STORY: In Egypt, women who've fallen into debt say the cost of it goes far beyond the financial.
They face jail time, then social stigma and struggle to rebuild their lives.
The issue comes amid an economic crisis, which has seen Egypt's annual inflation rates soar to more than 30%.
As many as 60% of the population is estimated to be below - or close to - the poverty line.
This mother of three spoke to Reuters anonymously due to the risk of social stigma.
She says had to hide from the police after receiving a prison sentence.
"(I lived in) fear and horror, I couldn't sleep, until now I can't sleep. This sense of threat is a big problem. Just imagining that the police will knock on your door and I have daughters, to go down the street with the police escorting you, it feels like death, slow death."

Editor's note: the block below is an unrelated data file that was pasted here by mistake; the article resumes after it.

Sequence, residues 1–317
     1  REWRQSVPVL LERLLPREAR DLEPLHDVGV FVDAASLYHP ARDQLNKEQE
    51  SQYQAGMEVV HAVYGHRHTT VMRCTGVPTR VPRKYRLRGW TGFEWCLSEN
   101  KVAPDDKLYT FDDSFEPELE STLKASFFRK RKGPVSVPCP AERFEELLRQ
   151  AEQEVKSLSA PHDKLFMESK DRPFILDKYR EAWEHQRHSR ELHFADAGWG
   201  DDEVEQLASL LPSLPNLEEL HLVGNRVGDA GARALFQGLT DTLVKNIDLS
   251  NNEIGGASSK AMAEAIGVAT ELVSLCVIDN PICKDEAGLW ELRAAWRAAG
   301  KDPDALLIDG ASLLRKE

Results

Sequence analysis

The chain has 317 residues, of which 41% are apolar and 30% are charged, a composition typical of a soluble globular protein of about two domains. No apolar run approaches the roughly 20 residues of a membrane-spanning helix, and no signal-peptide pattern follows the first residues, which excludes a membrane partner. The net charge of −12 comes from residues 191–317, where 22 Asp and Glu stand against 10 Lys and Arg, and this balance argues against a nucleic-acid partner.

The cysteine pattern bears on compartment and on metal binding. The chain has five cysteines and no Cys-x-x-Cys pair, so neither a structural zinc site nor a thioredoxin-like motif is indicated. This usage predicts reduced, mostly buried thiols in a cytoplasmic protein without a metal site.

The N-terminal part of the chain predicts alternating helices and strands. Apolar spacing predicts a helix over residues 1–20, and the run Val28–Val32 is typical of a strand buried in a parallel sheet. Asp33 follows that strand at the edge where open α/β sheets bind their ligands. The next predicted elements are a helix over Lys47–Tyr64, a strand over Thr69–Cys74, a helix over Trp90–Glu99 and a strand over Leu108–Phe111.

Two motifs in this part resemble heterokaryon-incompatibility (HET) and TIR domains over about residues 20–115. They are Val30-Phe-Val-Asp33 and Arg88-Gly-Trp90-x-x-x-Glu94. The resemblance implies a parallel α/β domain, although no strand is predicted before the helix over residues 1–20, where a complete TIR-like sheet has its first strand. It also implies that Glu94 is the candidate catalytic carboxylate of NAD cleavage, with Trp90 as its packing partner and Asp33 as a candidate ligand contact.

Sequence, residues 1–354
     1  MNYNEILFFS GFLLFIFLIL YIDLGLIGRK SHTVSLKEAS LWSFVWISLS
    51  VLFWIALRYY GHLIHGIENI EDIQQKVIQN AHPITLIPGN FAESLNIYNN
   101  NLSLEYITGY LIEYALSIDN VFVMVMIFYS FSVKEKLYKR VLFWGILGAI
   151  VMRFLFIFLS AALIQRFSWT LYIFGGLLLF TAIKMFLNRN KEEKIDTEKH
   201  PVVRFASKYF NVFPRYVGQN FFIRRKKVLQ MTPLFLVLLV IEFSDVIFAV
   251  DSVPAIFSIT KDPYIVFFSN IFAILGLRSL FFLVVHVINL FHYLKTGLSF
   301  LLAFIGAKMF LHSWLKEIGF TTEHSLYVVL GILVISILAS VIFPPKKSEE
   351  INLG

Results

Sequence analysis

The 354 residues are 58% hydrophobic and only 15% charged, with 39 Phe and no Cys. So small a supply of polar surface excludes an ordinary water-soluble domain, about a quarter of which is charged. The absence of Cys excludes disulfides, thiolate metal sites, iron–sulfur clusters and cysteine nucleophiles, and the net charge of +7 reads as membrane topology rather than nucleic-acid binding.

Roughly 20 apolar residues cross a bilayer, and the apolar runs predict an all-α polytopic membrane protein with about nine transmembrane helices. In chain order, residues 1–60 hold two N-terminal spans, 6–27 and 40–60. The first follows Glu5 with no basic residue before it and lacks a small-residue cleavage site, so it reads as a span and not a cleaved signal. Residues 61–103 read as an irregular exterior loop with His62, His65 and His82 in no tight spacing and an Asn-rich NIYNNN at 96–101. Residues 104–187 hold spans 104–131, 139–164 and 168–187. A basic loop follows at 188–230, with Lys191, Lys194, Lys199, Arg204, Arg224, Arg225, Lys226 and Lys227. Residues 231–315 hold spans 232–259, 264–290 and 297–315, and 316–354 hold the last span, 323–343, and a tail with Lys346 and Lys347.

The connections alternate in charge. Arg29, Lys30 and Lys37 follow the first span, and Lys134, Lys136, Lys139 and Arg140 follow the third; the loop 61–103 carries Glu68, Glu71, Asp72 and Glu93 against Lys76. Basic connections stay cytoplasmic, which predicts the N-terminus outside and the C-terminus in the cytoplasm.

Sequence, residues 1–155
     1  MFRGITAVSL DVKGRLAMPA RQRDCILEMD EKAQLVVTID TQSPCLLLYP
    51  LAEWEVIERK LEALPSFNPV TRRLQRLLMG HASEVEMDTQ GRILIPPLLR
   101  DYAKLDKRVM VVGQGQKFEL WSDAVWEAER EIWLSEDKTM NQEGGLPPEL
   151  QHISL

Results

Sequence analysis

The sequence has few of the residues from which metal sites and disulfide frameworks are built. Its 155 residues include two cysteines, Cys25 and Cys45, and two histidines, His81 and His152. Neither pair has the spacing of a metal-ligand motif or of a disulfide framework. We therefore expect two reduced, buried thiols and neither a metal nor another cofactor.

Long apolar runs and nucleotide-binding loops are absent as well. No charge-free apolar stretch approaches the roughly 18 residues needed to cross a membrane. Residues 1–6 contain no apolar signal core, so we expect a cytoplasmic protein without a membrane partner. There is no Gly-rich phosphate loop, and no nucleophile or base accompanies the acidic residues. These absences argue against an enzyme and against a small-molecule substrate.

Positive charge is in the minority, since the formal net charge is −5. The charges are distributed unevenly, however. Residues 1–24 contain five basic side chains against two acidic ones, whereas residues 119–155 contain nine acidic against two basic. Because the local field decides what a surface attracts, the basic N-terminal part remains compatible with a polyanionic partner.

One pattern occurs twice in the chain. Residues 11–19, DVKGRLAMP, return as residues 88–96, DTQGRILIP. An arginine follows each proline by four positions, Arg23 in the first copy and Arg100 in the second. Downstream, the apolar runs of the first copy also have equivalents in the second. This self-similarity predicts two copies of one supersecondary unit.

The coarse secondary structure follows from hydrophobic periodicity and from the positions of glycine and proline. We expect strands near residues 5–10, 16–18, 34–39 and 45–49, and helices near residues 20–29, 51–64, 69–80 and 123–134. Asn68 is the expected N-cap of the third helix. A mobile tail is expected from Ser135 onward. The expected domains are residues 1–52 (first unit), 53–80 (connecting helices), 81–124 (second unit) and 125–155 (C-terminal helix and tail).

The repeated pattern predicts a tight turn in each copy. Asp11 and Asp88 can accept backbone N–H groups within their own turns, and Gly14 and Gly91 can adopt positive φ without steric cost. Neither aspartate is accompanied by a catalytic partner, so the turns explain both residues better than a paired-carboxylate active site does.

It happened four years ago.
Her orphaned niece was getting married and she had bought household appliances on credit.
But she couldn't pay the nearly $1,700 principal selling corn on the street - let alone tackle the high interest.
Her creditor reported her to the police.
NGO 'Children of Female Prisoners Association' - which helped her pay - says her situation is far too common.
“These women’s conditions are very difficult,” says Lamia Magdy with the group.
Jail time is just the start of it.
When women get out, Magdy says, it’s often hard to find a job with a criminal record.
The issue of so-called “prisoners of poverty” came under the spotlight earlier this year.
President Abdal Fattah al-Sisi granted pardons to male and female debtors in March.
Eighty-five prisoners were released, according to the Interior Ministry.
Another NGO called that move a “ray of light” - but says it’s just a drop in the bucket.
The Al-Masry Foundation has seen as many as 100,000 cases of indebted men and women facing legal trouble or jail in 13 years.
Advocates have floated ideas like cooperatives to help.
They say illness and severe poverty are the main reasons people fall into debt.